In Press Box, Dave Hughes talks about the programming changes at one Baltimore sports radio station.
Dave says the Washington City Paper is firing back at DC NFL Team owner Daniel Snyder in his efforts to sue the publication.
Tom Jones at the St. Petersburg Times feels ESPN should not be leading the charge to move the Rays out of Tampa Bay.
William Brethertont of the Marietta (GA) Daily Journal says an Atlanta Beat Women’s Professional Soccer star will be on ESPN’s Women’s World Cup coverage.
Dan Murtaugh of the Mobile (AL) Press-Register says Tennis Channel will focus on a local program that benefits young women and weaves in a tennis exhibition to help raise funds.
David Barron at the Houston Chronicle recognizes one sports anchor’s longevity in the market.
Berry Tremel at the Daily Oklahoman says FX’s early college football schedule is all-Oklahoma, all the time.
John Kiesewetter of the Cincinnati Enquirer notes that Thom and Marty Brennaman don’t seem to have time to work together in the Reds broadcast booth.
Bob Wolfley at the Milwaukee Journal Sentinel says Packers linebacker A.J. Hawk will be swinging a golf club on NBC’s celebrity golf tournament next month.
Bob says local overnight ratings for the NBA Draft on ESPN were strong.
Ed Sherman in Crain’s Chicago Business has this week’s winners and losers in sports business and media.
Dan Caesar of the St. Louis Post-Dispatch says a local sports anchor is pinch hitting on the news side this month.
And Dan has a few news and notes.
Scott D. Pierce at the Salt Lake Tribune looks at Urban Meyer moving to the TV booth on college football Saturdays for ESPN.
Richard Eng of the Las Vegas Journal-Review explores the decision of former Triple Crown caller Tom Durkin to step down this year.
John Maffei of the North County Times says this weekend is a big one for soccer fans.
Jim Carlisle of the Ventura County Star notes that the Los Angeles Lakers will have different voices for next season.
Tom Hoffarth of the Los Angeles Daily News reports that Lenny Dykstra is now tweeting.
Tom also has a column on Captain Blowhard’s Grantland site.
Jack Humphreville of City Watch LA takes a look at Frank McCourt’s embattled ownership of the Dodgers and the collapse of his rich rights deal with Fox.
Bruce Dowbiggin of the Toronto Globe and Mail has yet another mediocre media column this week. I’m close to dropping him from the megalinks.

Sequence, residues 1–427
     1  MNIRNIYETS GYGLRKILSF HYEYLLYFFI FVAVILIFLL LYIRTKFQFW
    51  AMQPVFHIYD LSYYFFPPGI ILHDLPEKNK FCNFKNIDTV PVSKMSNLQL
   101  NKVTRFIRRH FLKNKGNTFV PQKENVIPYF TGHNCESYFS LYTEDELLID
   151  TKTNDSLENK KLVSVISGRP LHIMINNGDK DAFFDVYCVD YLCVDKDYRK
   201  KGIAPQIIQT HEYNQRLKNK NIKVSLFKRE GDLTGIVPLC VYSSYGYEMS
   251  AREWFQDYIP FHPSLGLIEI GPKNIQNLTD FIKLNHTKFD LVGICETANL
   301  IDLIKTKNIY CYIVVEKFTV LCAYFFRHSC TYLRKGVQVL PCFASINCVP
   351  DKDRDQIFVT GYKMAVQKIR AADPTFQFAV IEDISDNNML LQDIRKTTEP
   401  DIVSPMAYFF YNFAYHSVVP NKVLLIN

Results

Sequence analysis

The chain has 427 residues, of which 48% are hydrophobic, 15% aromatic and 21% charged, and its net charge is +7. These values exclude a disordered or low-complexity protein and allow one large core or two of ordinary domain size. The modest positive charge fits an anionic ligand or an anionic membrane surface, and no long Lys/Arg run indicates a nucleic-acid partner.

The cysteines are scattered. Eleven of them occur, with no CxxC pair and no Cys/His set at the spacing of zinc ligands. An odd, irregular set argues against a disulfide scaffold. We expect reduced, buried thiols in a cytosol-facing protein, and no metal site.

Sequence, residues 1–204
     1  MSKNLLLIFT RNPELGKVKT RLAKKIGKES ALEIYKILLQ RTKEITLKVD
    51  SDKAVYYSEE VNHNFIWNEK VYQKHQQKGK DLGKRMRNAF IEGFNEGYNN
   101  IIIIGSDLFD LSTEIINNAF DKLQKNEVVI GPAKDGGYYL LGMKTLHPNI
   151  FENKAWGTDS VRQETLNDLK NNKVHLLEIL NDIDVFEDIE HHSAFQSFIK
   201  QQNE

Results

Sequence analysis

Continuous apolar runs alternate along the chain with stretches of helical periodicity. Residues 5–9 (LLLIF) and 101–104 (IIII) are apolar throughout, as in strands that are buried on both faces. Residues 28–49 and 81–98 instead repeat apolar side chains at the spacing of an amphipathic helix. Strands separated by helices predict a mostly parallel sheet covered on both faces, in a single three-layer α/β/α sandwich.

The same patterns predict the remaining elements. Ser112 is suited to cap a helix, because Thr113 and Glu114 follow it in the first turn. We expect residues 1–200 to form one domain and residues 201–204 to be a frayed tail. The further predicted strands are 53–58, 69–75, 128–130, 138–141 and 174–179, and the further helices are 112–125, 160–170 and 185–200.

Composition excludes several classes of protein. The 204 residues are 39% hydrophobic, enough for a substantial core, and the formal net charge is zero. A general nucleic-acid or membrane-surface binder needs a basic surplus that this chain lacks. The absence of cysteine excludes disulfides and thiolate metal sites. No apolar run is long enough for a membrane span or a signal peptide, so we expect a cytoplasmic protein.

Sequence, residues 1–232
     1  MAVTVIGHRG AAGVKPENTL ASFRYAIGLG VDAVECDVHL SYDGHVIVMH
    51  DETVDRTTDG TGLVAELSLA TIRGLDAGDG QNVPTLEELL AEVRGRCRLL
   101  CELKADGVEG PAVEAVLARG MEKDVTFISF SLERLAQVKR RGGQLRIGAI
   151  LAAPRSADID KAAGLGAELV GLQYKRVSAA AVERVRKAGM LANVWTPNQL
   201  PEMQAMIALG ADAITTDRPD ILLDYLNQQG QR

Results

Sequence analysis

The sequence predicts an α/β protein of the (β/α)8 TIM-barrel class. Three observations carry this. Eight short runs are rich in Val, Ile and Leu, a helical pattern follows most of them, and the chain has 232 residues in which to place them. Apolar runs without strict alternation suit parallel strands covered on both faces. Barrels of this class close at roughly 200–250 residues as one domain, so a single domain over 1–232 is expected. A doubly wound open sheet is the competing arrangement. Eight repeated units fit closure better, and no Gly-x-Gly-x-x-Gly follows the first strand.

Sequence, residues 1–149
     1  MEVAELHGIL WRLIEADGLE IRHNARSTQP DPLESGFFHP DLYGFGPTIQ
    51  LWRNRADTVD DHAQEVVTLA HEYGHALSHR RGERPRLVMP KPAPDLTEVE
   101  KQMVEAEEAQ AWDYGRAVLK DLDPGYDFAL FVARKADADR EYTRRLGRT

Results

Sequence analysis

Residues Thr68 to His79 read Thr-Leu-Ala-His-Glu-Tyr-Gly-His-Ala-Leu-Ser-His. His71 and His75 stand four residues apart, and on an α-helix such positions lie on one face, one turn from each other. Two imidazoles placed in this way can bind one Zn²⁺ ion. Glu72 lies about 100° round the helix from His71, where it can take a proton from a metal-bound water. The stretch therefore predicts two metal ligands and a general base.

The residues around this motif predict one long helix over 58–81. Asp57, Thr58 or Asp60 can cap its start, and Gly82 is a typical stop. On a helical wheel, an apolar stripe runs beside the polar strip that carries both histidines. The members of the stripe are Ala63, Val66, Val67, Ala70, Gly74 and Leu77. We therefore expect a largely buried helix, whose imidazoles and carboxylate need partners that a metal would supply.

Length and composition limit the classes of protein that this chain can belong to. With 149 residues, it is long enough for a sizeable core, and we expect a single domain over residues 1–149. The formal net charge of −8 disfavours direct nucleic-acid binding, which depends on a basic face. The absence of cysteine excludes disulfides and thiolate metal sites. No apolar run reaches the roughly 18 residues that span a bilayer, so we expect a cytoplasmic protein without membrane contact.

The Toronto Sports Media blog notes the one year anniversary of a huge lineup change on one local sports radio station.
And that’s going to do it for today.
Let’s provide the sports media links this morning. Lots of things to do today so I hope I can get this done and finish up the work I have to do later.
John Czarnecki at Fox Sports is amazed at how the NFL Scouting Combine has become a made-for-TV event.
George Winslow at Broadcasting & Cable writes about ESPN 3D picking up coverage of The Masters in April.
Dan Fogarty at SportsGrid says Carmelo Anthony’s introduction at Madison Square Garden last night was definitely made for TV.
Dan says a former New York Yankee who was part of an infamous wife swap in the 1970′s is now shocked that Academy Award winners Matt Damon and Ben Affleck now want to do a movie about the story.
Dashiell Bennett of the Business Insider’s Sports Page is amused by Buzz Bissinger’s tweets.
At TVbytheNumbers, Bill Gorman notes that the NBA All-Star Game on TNT topped the cable primetime ratings for last week.
CNBC’s Darren Rovell notes that the ultimate product placement in the NBA Slam Dunk competition is paying off in droves.
Awful Announcing has the video of the Big Ten Network’s Tom Hart calling a buzzer beater.
Ricardo A. Hazell from the Electronic Urban Report catches up with former NFL Today co-host Jayne Kennedy.
At Boston Sports Media Watch, Bruce Allen recaps Dale Arnold’s final show on WEEI.
Mark LaMonica at Newsday has the New York Post’s Peter Vescey’s comments about Steven A. Smith.